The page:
// and waiting for Unity to prompt you to save it, as this automatic mechanism 
// doesn't always seem to know exactly what needs saving and you end up being re-asked
// incessantly
// Written by Diarmid Campbell 2017 - feel free to use and ammend as you like
using UnityEngine;
using System.Collections.Generic;
using System;

using UnityEditor;
using UnityEditor.SceneManagement;

public class UniqueId : MonoBehaviour {

	// global lookup of IDs to Components - we can esnure at edit time that no two 
	// components which are loaded at the same time have the same ID. 
	static Dictionary<string, UniqueId> allGuids = new Dictionary<string, UniqueId> ();

	public string uniqueId;

	// Only compile the code in an editor build

	// Whenever something changes in the editor (note the [ExecuteInEditMode])
	void Update(){
		// Don't do anything when running the game
		if (Application.isPlaying)
		// Construct the name of the scene with an underscore to prefix to the Guid
		string sceneName = + "_";

		// if we are not part of a scene then we are a prefab so do not attempt to set 
		// the id
		if  (sceneName == null) return;

		// Test if we need to make a new id
		bool hasSceneNameAtBeginning = (uniqueId != null && 
			uniqueId.Length > sceneName.Length && 
			uniqueId.Substring (0, sceneName.Length) == sceneName);
		bool anotherComponentAlreadyHasThisID = (uniqueId != null && 
			allGuids.ContainsKey (uniqueId) && 
			allGuids [uniqueId] != this);

		if (!hasSceneNameAtBeginning || anotherComponentAlreadyHasThisID){
			uniqueId =  sceneName + Guid.NewGuid ();
			EditorUtility.SetDirty (this);
			EditorSceneManager.MarkSceneDirty (gameObject.scene);
		// We can be sure that the key is unique - now make sure we have 
		// it in our list
		if (!allGuids.ContainsKey (uniqueId)) {
			allGuids.Add(uniqueId, this);

	// When we get destroyed (which happens when unloading a level)
	// we must remove ourselves from the global list otherwise the
	// entry still hangs around when we reload the same level again
	// but now the THIS pointer has changed and we end up changing 
	// our ID unnecessarily
	void OnDestroy(){
  1. You can generate a permanent ID when you attach this GameObjectGUID.cs script to your game object.

  2. When you duplicate a game object that already contains the GameObjectGUID.cs script, a new ID is generated for the duplicated object.


// GameObjectGUID.cs (drag this onto your game object)
using UnityEngine;

public class GameObjectGUID : MonoBehaviour {

    public int gameObjectID = 0;


// GameObjectGUIDInspector.cs
using UnityEngine;
using UnityEditor;
using System;

public class GameObjectGUIDInspector : Editor
    private GameObjectGUID id;

    // assign GameObjectGUID instance to this inspector
    void OnEnable()
        id = (GameObjectGUID)target;

        // generate new guid when you create a new game object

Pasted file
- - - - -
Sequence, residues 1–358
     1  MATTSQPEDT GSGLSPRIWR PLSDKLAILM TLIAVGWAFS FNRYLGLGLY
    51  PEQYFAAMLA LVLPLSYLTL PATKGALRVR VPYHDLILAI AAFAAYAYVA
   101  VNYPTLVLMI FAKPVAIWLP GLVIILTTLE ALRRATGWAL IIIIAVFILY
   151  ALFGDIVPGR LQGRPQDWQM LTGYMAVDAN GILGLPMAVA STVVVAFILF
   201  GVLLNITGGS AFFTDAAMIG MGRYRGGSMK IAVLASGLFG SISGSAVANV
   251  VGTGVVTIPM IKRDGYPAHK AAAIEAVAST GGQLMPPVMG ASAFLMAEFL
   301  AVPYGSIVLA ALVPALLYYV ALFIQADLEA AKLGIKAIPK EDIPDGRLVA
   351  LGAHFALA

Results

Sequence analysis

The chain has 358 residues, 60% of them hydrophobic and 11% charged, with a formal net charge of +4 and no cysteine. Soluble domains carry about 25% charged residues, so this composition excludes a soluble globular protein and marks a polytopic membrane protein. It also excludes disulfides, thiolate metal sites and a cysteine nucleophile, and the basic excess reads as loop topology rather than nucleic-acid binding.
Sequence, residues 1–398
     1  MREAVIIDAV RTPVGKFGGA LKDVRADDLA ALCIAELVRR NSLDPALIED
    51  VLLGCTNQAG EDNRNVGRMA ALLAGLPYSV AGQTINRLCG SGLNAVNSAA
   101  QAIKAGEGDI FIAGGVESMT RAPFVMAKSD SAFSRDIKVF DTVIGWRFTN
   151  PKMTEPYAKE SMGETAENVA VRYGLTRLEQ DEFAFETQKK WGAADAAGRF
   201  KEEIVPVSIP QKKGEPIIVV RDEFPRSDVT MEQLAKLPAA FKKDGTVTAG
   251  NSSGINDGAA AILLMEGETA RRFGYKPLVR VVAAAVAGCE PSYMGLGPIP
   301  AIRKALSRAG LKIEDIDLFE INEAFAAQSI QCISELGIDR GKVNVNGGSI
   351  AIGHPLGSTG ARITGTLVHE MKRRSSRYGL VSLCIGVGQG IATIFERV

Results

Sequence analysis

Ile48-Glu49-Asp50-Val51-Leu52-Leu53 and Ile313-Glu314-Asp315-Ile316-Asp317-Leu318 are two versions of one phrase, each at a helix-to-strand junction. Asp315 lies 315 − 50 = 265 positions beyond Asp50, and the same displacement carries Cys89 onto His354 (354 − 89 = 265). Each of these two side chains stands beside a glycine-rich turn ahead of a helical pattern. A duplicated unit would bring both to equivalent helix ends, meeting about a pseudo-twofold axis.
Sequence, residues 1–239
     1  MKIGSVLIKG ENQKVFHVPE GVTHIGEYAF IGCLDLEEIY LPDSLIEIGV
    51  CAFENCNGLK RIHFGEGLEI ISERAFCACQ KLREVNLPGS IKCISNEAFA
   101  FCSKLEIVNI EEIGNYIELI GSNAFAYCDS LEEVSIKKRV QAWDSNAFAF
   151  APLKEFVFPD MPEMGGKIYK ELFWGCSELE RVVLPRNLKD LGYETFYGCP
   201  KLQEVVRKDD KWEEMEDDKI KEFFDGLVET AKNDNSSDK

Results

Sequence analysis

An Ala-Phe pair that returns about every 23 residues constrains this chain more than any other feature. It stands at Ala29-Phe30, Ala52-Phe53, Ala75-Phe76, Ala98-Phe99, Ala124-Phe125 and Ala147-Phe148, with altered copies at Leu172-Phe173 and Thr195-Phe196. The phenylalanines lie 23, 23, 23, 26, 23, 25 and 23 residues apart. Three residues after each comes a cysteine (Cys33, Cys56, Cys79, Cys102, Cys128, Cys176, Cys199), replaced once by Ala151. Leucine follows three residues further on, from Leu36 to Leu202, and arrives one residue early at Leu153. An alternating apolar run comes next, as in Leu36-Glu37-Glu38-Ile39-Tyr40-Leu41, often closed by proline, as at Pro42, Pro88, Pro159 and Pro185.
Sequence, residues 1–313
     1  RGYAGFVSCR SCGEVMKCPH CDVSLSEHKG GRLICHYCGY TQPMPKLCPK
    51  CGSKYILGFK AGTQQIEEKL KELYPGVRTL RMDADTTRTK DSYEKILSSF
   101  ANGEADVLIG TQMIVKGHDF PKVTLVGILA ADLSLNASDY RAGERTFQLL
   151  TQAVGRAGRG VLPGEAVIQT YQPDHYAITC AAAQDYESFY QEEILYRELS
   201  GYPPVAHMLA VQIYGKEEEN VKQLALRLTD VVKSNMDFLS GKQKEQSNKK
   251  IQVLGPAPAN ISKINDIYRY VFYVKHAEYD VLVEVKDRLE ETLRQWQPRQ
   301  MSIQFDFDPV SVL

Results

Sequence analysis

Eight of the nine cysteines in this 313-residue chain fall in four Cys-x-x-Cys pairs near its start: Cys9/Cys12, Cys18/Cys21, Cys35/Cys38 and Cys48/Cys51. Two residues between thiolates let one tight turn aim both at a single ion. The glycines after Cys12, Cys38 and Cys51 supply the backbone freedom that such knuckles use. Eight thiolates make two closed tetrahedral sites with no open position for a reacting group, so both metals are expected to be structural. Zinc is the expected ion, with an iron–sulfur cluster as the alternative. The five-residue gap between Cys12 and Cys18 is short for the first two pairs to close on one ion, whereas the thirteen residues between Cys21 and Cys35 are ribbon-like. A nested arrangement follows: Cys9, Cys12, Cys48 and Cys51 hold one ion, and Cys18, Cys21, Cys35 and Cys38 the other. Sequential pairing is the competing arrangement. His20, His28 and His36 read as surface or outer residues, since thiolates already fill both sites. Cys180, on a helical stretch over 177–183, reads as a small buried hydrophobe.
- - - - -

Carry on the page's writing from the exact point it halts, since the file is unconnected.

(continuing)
if (id.gameObjectID == 0) id.gameObjectID = new System.Random().Next(1000000, 9999999);

        // generate new guid if guid already exists
            GameObjectGUID[] objects = Array.ConvertAll(GameObject.FindObjectsOfType(typeof(GameObjectGUID)), x => x as GameObjectGUID);
            int idCount = 0;
            for (int i = 0; i < objects.Length; i++)
                if (id.gameObjectID == objects*.gameObjectID)*

if (idCount > 1) id.gameObjectID = new System.Random().Next(1000000, 9999999);
This needs optimized, but it is possible to get a unique game object ID when you attach a script to a game object and when you duplicate the game object that contains the ID script.

I’d use a GUID. Random integers aren’t guaranteed to be unique

In the scene file, every gameobject has a unique identifier that is persistent. You can access it like this:

`PropertyInfo inspectorModeInfo =
typeof(SerializedObject).GetProperty(“inspectorMode”, BindingFlags.NonPublic | BindingFlags.Instance);

SerializedObject serializedObject = new SerializedObject(unityObject);
inspectorModeInfo.SetValue(serializedObject, InspectorMode.Debug, null);

SerializedProperty localIdProp =
serializedObject.FindProperty(“m_LocalIdentfierInFile”); //note the misspelling!

int localId = localIdProp.intValue;`

The only catch is that this only works in the editor, so you have to serialize it when you want to build your game.

Answer found here:

I end up with this =>

public float GetID(Transform obj)
        float a = 0;

        System.Text.StringBuilder s = new System.Text.StringBuilder();
        Transform parent = obj.parent;
        a += obj.GetSiblingIndex();
        while (parent != null)
            a += parent.GetSiblingIndex();

            parent = parent.parent;

        string name = s.ToString();
        char[] c = name.ToCharArray();
        foreach (var item in c)
            a += (int)item;

        Vector3 pos = obj.transform.position;
        Vector3 rot = obj.transform.eulerAngles;
        Vector3 scale = obj.transform.localScale;

        a += pos.x;
        a += pos.y;
        a += pos.z;

        a += rot.x;
        a += rot.y;
        a += rot.z;

        a += scale.x;
        a += scale.y;
        a += scale.z;

        a += obj.childCount;

        return a;

Is there a problem with saving the game state?

Otherwise, if you want a unique ID then create a string that is a concatenation of the following

  1. Scene name
  2. World location that the object has when the scene is loaded
  3. World rotation the object has when the scene is loaded

If you use a Tuple as the key for a static hashtable you can have your MonoBehavior set ThatTable[thatkey] = this.gameObject on Awake